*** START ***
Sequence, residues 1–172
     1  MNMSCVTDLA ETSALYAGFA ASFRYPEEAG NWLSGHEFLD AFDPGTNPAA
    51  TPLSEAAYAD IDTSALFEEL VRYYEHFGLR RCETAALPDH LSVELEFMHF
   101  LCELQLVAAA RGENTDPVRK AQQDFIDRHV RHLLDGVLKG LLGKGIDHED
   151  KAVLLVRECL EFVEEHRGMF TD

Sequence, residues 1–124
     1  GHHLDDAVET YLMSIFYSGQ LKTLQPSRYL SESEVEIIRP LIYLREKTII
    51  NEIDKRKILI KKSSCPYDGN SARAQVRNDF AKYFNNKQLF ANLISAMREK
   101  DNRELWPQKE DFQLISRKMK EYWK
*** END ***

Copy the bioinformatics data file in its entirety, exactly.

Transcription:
Sequence, residues 1–172
     1  MNMSCVTDLA ETSALYAGFA ASFRYPEEAG NWLSGHEFLD AFDPGTNPAA
    51  TPLSEAAYAD IDTSALFEEL VRYYEHFGLR RCETAALPDH LSVELEFMHF
   101  LCELQLVAAA RGENTDPVRK AQQDFIDRHV RHLLDGVLKG LLGKGIDHED
   151  KAVLLVRECL EFVEEHRGMF TD

Sequence, residues 1–124
     1  GHHLDDAVET YLMSIFYSGQ LKTLQPSRYL SESEVEIIRP LIYLREKTII
    51  NEIDKRKILI KKSSCPYDGN SARAQVRNDF AKYFNNKQLF ANLISAMREK
   101  DNRELWPQKE DFQLISRKMK EYWK